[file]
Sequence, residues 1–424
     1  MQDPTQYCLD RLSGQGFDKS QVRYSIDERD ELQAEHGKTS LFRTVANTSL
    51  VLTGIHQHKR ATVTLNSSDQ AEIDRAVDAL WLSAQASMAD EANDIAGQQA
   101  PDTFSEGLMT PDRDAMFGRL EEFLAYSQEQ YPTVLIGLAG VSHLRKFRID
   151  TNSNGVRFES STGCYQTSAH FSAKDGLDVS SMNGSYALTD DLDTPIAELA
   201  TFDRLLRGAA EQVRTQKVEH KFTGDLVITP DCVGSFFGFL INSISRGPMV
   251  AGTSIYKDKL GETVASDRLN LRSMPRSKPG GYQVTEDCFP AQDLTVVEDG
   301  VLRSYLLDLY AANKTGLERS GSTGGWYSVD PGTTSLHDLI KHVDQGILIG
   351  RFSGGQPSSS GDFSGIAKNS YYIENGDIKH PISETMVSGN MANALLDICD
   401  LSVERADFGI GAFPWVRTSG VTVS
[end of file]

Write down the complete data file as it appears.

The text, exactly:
Sequence, residues 1–424
     1  MQDPTQYCLD RLSGQGFDKS QVRYSIDERD ELQAEHGKTS LFRTVANTSL
    51  VLTGIHQHKR ATVTLNSSDQ AEIDRAVDAL WLSAQASMAD EANDIAGQQA
   101  PDTFSEGLMT PDRDAMFGRL EEFLAYSQEQ YPTVLIGLAG VSHLRKFRID
   151  TNSNGVRFES STGCYQTSAH FSAKDGLDVS SMNGSYALTD DLDTPIAELA
   201  TFDRLLRGAA EQVRTQKVEH KFTGDLVITP DCVGSFFGFL INSISRGPMV
   251  AGTSIYKDKL GETVASDRLN LRSMPRSKPG GYQVTEDCFP AQDLTVVEDG
   301  VLRSYLLDLY AANKTGLERS GSTGGWYSVD PGTTSLHDLI KHVDQGILIG
   351  RFSGGQPSSS GDFSGIAKNS YYIENGDIKH PISETMVSGN MANALLDICD
   401  LSVERADFGI GAFPWVRTSG VTVS